From FIGS. 1–4 it can be seen that from the base wall 12 of the body 11 there projects (towards the body 1) a profiled rim consisting of an annular step against which the discoidal element 15 is elastically urged to form a seal: the elastic pressure of the peripheral edge of the discoidal element 15 on said profiled rim is ensured by the fact the element 15 is rigid with the two tubular elements 16, 17 which are rigidly fixed in the seats into which they are inserted.

From the figures it can also be seen that in the base wall 12 of the cup-shaped body there is provided a hole 19 and that the hollow appendix 18 houses an axially translatable small ball 20, which cannot escape from the cavity in the appendix because inside this appendix there is provided a ledge or the like on which the ball can rest (with the pump upright) without however closing the hole of the appendix, in which one or more longitudinal grooves are provided (not numbered for simplicity but clearly visible in the drawings), to leave the passage free for the liquid which rises from the dip tube to the pump.

Finally it can be seen that on the free end of the tubular element 17 there is provided a profiled seat on which the ball 20 can rest and form a seal when the pump is used in the inverted position (FIGS. 3 and 4).

Before describing the operation of the invertible pump it is important to note the great simplicity of its structure and its ease of assembly. In this respect, the ball 20 can be inserted into the appendix 18 by simply allowing it to fall freely into the cup-shaped body 11 before this is mounted in the pump; the tubular element 16 can be easily inserted into its seat in the pump, either before mounting the cup-shaped body on the pump, or by firstly inserting and locking the tubular element 17 in its seat in the hollow appendix 18 and then mounting the cup-shaped body on the pump, so automatically inserting the tubular element 16 in its seat.

It should be noted that the transverse and longitudinal dimensions of the invertible pump are only slightly greater than those of a common non-invertible pump of similar structure.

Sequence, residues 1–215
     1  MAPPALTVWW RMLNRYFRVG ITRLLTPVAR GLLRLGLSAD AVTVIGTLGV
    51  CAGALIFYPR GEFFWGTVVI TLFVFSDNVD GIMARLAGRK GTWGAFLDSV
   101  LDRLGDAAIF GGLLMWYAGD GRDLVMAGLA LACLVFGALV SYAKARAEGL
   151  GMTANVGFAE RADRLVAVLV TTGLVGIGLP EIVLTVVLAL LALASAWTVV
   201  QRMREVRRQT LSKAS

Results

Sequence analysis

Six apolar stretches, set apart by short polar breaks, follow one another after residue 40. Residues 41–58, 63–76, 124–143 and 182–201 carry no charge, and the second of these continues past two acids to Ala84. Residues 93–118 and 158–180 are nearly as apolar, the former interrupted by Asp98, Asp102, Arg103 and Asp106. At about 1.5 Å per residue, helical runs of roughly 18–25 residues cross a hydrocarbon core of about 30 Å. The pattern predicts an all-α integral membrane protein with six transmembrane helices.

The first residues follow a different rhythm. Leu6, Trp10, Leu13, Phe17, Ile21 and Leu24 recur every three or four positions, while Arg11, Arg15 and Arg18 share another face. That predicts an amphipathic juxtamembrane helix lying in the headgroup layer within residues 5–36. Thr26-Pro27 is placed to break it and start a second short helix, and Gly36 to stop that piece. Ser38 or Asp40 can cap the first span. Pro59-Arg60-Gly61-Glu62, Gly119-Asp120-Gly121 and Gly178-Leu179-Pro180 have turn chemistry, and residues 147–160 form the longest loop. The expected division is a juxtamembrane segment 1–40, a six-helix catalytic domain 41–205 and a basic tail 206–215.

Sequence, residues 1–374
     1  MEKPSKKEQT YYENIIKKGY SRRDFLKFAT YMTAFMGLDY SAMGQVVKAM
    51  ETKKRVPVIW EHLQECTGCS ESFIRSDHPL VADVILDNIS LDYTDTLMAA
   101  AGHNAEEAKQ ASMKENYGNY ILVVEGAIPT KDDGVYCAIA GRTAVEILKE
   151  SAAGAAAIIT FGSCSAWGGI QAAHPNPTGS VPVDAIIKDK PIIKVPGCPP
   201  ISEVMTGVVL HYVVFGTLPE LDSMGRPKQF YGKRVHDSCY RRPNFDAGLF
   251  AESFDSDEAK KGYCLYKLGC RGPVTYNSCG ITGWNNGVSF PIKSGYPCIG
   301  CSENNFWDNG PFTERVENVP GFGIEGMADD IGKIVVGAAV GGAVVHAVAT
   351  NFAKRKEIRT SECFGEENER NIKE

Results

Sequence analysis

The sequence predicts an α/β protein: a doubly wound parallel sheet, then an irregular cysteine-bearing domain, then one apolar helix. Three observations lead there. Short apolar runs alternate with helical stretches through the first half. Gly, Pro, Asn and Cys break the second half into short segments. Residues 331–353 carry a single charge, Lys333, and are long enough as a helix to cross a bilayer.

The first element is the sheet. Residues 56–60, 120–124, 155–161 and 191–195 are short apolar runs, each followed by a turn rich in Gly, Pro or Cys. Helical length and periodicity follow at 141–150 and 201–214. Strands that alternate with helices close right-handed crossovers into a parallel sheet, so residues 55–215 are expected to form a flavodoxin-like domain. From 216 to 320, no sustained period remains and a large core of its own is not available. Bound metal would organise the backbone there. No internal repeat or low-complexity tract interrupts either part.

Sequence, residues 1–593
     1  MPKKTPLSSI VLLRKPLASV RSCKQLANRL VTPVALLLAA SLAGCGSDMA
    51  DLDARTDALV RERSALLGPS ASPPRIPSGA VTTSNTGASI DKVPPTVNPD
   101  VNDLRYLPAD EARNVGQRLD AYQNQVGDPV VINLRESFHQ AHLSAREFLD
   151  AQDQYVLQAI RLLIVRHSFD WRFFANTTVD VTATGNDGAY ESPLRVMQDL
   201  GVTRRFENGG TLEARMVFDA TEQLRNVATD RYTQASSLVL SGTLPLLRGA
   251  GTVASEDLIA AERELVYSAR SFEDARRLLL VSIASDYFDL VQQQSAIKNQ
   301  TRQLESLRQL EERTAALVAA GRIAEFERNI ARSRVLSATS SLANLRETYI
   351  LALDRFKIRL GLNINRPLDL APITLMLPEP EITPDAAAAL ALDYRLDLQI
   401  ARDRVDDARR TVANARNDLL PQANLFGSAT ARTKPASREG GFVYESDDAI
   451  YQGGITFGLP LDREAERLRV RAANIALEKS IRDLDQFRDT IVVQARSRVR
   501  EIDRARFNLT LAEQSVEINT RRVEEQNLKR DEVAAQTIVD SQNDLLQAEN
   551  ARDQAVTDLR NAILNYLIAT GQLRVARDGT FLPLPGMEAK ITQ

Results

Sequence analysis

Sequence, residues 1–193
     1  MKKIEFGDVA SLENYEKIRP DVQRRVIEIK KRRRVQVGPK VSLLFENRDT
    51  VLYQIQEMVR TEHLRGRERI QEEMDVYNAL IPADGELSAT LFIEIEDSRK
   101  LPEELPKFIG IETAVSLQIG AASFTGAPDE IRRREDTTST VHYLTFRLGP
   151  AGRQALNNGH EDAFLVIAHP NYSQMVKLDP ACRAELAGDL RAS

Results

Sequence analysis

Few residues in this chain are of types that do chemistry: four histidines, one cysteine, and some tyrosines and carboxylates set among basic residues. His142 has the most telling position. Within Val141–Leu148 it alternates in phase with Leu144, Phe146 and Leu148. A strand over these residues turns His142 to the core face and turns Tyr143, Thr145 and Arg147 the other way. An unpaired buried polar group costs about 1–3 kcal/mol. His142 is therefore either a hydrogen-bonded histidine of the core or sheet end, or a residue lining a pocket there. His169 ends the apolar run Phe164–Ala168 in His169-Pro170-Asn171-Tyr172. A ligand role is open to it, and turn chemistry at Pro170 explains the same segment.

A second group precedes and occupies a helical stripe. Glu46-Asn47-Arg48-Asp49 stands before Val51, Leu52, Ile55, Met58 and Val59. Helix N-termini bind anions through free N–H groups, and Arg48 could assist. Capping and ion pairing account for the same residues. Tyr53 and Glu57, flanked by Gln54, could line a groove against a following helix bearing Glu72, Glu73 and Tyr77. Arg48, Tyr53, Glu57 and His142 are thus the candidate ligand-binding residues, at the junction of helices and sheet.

It will now be assumed that the pump is in the upright vertical position (FIGS. 1 and 2), mounted on a container of liquid to be dispensed.

To prime the pump, the cap 4 is pressed with a finger to lower the piston 2 from the position of FIG. 1 to that of FIG. 2, while the air initially present in the pump chamber is expelled to the outside in traditional known manner, as described in a large number of patents, including those already cited.

Starting from the position of FIG. 2, it will be assumed that the cap is now released so that the pump piston is made to rise by a spring which acts on it: in this manner, a vacuum is formed in the chamber 8 to cause the liquid to rise along the dip tube 7, bypassing the ball 20 and raising the ball 9, to penetrate into and fill the chamber 8.

With the pump hence primed and upright, the pump is again operated to pressurize the liquid present in the chamber 8 and force the ball 9 to press and seal against its seat: the liquid which fills the annular chamber 13 and is in communication with the chamber 8 via the aperture 14 cannot escape to the outside of the pump body because the flexible discoidal element 15 is urged by the pressurized liquid to seal against the annular projection provided on the base of the cup-shaped body.

The pump can hence be used in the same manner as a common non-invertible pump of similar structure.